Visions of bison in the morning
When I woke up in the primitive campground in South Dakota’s Badlands National Park, I raised the window shade to see a bison lying about 100 yards away. He lazily munched on grass, and then, as the air warmed, lumbered to his feet and wandered off.
We have seen bison all across the plains – Texas, Kansas, South Dakota – but usually behind fences or, stuffed, in museums. Here, in the Badlands and in Custer State Park, they roam freely, grazing, scratching their backs against tree stumps, meandering across roadways, glancing, with little interest, at the cars.
Bison, whose ancestors came across the Bering land bridge from Siberia are, perhaps, the most American of all iconic wildlife.
“What is life?” Crowfoot, a Blackfoot warrior is quoted as asking. “It is the flash of a firefly in the night. It is the breath of a buffalo in wintertime. It is the little shadow which runs across the grass and loses itself in the sunset.”
The words bison and buffalo are often used interchangeably because the first Europeans who saw the bison thought they resembled African buffalo. But their true genus is bison.
We marveled at the skull of an ancestor, Bison latifrons, hanging at the South Dakota School of Mines and Technology in Rapid City. B. latifrons roamed North America for about 200,000 years, but became extinct about 20,000–30,000 years ago. It stood over eight feet tall at its shoulders, weighed more than 4,000 pounds, and had horns that span seven to eight feet, used to fight off saber-toothed cats and bears. It’s modern day equivalent is Bison bison, which stands five to six feet at the shoulder, and weighs about 2,000 pounds. It can run up to 40 miles per hour.
The Indians relied on bison for food, shelter, clothing, tools (bones), bowstrings (sinew) and pouches (bladders, intestines). The plains tribes revered the massive animal’s stamina and courage, admiring how it would face the wind, even during the howling blizzards on the plains, and swing its huge head to carve into deep snow to find grass.
In Dodge City, Kansas, we watched a video showing how Indians skinned and butchered the animal, using stone and bone tools, carefully harvesting all the parts.
The Lakota people, who hunted this South Dakota area for centuries, said it provided everything they needed, and we found it teaming with wildlife: bighorn sheep, pronghorn, prairie dogs and ferret.
It was named Badlands by French trappers and explorers who found the landscape of stark spires and eroded, chalky crags daunting to cross, the water undrinkable.
The White River has a milky look from sediment particles that carry a slight charge of electricity and repel each other, rather than settling to the bottom.
We hiked the area shortly after 17 inches of late-spring snowfall had melted into shallow pools and hundreds of Boreal Chorus frogs had awakened to sing their mating calls.
But it is the bison, and their story of slaughter, survival and regeneration, that fascinates so many. The wholesale destruction of the great herds, once numbering more than 30 million, was seen as a way to solve the “Indian problem,” by eliminating their “shaggy commissary.”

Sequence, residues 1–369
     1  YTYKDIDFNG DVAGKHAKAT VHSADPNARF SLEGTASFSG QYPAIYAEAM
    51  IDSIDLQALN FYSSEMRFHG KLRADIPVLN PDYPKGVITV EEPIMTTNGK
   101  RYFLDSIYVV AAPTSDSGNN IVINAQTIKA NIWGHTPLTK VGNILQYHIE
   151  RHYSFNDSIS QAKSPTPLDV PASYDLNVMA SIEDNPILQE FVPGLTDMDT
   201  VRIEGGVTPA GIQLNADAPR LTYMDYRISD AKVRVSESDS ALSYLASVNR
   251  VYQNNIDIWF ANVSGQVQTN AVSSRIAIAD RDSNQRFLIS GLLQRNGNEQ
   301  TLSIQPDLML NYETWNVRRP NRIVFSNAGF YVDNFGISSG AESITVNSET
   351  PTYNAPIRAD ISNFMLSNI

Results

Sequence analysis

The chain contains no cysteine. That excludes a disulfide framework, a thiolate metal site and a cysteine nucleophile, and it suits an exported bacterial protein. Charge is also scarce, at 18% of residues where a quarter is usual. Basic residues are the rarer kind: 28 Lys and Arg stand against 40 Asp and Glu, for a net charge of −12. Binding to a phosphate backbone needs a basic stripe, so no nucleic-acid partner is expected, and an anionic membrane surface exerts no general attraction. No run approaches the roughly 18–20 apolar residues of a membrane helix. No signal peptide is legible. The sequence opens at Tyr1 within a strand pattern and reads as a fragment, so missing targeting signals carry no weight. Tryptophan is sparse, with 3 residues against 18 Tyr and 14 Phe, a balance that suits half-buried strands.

Buffalo hunters, with new rifles, accurate at long distances, could hide and shoot hundreds of animals at a time. Unless the bison saw the threat, they wouldn’t run. They stood still as, one by one, the animals around them fell. One hunter killed 120 in 40 minutes. “Buffalo” Bill Cody killed more than 4,000 in two years. By 1880, only a few thousand were left.
Railroads provided a way to ship the hides and bones back East, where they turned into belts to run ceiling fans and fertilizer.
In Goodnight, Texas, we visited the house of Charles Goodnight, whose wife, Mary Ann “Molly,” could hear the orphaned bison calves crying at night on the prairie. She told Charles to go fetch them, and he started a bison herd that later would be used to repopulate Yellowstone, as well as zoos around the country.
We also learned about William Temple Hornaday, an American zoologist and conservationist, who in 1896, as director of the Bronx Zoo, and with Theodore Roosevelt’s support, brought bison to New York. By 1903, his herd numbered about 40, and eventually was used to help reestablish bison in Oklahoma.
In Kansas, a ranger drove us into a herd of bison on the Sandsage Bison Range, pointing out the pregnant females, telling us how once, he had turned his back on a bull, who spooked and ran over him, goring him in the back.
“They’re definitely wild,” he said. “I don’t walk out there unless I need to.”
As we watched the grazing herds, he realized we had a flat tire and called for someone to come collect us. He turned off the engine and the bison wandered up to windows, peering in, their snouts at the edge of the glass.
Actor Kevin Costner became fascinated with the animal and the area while filming Dances With Wolves. In Deadwood, South Dakota, we visited Tatanka, his tribute to the buffalo, which includes a beautiful sculpture of Indians participating in a bison leap, running them off a cliff as part of their hunt.
But of all these experiences, the moment I will always remember is the sound of the prairie grass rustling against the legs of the bison as it moved across the campground in the Badlands, a sound that is nearly as old as the continent, but unheard for so long.